316L Stainless Steel
23 ⅝” (60 cm)
1 ¼" x 2" (30×51 mm)
Fenrir (in. Fenris) – in Scandinavian mythology a huge wolf, one of the three children Loki had with the giant Angerboda. It was characteristic for him that because of its size, during yawning the jaw touched the sky and the mandible touched the ground. Fenrir is mentioned in Poetic Edda and Prose Edda. Both sources regard him as the father of the wolf brothers Sköll and Hati.
The gods were afraid that when the wolf grew up, it could threaten them, so they decided to bind him with a chain called Løding. However, the beast was liberated from it, and also from another, much stronger one, called the Dreads. The dwarfs weave a magical rope called Gleipnir, made of the sound of the cat’s footsteps, the beard of a woman, the root of a rock, the tendons of a bear, the breath of fish and the saliva of a bird. The gods took the wolf to an island, where they were to bind him with a magic rope, but Fenrir, having sensed the trick, decided to agree to bind the Gleipnir on condition that one of the gods put his hand in his mouth. The god Tyr took up this task. But when the gods bound the wolf, Tyr could not free himself, then the angry Fenrir bit off his right hand. From now on Tyr was also called the One-Handed.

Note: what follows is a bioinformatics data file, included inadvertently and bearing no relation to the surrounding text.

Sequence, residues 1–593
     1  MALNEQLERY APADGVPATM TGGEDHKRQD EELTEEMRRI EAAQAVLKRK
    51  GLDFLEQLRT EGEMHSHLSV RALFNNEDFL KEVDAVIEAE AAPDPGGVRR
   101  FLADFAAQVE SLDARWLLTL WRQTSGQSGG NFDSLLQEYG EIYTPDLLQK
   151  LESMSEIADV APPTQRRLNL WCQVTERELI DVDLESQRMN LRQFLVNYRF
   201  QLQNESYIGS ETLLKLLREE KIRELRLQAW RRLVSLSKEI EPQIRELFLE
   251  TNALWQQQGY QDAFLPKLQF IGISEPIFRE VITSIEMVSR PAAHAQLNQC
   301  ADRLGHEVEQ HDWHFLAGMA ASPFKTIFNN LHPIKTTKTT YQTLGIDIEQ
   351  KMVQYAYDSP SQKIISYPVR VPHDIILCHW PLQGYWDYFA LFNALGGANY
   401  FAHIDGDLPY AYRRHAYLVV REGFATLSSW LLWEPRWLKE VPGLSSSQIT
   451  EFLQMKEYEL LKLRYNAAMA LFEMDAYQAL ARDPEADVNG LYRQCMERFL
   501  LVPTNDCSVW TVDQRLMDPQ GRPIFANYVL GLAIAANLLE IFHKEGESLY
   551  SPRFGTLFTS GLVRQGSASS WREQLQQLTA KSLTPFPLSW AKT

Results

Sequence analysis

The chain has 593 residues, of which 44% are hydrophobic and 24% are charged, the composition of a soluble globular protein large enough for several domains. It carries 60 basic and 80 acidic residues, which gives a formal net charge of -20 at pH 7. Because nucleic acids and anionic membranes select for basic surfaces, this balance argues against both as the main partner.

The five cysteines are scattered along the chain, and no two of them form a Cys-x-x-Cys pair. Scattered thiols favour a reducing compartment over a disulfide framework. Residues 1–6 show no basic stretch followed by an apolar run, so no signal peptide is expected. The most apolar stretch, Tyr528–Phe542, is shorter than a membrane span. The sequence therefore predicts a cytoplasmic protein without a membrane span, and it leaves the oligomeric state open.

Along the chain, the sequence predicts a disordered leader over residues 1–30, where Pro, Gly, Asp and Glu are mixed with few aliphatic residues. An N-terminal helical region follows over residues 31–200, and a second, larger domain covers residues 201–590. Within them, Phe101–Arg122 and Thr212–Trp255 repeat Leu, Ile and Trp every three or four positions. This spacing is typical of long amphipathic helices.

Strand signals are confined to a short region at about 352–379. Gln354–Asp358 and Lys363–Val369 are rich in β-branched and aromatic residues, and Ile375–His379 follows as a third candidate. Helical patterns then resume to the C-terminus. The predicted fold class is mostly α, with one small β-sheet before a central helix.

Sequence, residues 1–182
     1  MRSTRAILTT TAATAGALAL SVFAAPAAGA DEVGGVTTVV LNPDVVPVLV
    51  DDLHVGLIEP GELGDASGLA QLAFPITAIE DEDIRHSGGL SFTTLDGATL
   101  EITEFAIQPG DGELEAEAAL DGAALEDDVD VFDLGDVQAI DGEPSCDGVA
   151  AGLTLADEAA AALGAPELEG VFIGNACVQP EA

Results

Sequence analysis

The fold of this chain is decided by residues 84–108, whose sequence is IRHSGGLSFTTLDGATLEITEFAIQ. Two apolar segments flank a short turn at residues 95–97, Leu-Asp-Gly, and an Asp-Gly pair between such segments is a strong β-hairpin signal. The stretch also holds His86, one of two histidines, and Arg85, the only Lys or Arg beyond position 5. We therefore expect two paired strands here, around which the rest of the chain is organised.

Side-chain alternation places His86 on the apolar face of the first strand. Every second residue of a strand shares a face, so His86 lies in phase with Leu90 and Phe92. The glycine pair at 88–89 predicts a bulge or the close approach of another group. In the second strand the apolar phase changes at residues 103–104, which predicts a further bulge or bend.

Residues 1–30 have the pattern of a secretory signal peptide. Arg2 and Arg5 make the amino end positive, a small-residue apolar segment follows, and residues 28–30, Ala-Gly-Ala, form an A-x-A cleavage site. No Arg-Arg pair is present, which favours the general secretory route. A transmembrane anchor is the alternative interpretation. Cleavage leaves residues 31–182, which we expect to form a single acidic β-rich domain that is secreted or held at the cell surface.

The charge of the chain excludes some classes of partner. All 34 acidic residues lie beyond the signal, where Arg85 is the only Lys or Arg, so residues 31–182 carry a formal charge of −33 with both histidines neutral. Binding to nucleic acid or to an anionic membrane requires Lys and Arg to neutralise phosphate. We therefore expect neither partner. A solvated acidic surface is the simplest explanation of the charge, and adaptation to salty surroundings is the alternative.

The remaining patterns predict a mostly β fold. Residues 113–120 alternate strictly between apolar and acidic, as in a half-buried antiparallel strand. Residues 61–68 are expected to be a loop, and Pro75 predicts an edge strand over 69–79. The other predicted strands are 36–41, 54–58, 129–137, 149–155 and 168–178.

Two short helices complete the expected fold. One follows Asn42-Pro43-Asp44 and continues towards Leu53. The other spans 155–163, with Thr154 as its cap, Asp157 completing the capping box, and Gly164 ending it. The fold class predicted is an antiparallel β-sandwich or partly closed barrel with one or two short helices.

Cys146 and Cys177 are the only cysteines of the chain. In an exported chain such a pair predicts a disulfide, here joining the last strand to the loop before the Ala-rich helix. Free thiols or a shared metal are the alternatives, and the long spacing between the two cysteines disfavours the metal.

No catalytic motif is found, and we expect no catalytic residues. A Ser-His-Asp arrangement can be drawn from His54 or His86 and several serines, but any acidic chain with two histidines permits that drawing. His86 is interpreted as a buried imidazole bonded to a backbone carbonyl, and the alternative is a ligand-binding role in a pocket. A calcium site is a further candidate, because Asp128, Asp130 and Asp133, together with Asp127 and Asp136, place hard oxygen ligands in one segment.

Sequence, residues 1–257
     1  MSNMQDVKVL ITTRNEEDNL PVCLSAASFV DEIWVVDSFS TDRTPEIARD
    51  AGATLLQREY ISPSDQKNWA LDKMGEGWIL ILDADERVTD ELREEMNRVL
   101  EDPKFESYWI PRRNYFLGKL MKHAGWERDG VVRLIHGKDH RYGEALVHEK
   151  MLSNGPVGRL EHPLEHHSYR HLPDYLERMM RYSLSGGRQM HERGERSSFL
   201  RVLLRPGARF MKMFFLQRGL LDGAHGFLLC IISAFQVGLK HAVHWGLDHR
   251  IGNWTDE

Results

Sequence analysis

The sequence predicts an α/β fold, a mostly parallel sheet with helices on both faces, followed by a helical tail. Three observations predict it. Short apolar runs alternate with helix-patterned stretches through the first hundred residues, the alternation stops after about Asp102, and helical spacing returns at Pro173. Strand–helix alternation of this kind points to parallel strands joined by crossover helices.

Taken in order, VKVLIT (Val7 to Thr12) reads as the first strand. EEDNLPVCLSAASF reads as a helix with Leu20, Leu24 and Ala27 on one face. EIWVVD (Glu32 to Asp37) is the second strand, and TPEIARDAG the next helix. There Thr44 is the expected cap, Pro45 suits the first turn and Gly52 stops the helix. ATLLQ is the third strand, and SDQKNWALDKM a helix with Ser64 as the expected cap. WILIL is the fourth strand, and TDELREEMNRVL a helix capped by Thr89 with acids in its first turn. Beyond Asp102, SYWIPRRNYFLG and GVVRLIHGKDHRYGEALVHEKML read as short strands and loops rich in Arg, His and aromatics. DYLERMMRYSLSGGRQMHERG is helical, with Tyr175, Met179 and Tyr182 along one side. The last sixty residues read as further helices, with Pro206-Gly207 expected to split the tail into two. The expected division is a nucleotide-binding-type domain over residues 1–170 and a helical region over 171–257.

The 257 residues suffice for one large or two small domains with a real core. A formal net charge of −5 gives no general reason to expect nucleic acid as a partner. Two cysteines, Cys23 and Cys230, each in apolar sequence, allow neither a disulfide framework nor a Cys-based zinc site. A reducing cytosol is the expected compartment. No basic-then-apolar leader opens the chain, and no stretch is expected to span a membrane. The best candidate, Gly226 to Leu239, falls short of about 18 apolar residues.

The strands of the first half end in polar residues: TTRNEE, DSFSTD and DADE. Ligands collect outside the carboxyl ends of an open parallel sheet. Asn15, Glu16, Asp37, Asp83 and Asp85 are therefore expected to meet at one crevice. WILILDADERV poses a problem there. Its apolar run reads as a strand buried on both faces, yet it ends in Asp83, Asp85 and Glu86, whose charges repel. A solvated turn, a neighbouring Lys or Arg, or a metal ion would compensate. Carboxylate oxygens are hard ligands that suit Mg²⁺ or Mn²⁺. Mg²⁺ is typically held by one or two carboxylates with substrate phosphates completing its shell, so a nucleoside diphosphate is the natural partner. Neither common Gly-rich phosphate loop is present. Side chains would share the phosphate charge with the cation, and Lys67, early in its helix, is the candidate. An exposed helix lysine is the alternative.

Fenrir is to free himself from his ties and devour the god Odin on the day of Ragnarök during the last battle of the gods with the giants. He will be killed by Odin’s son, Widar.
Geri and Freki Wolves
In Norse mythology, Geri and Freki are depicted as two wolves accompanying the god Odin. Their names mean literally “the ravenous” and “greedy one”. Referring to descriptions in mythology, they are most often seen at Odin’s side in Valhalla, while feasting with various warriors living there. Geri and Freki are described as wolves devouring guests with false stories or in any way lying to Odin.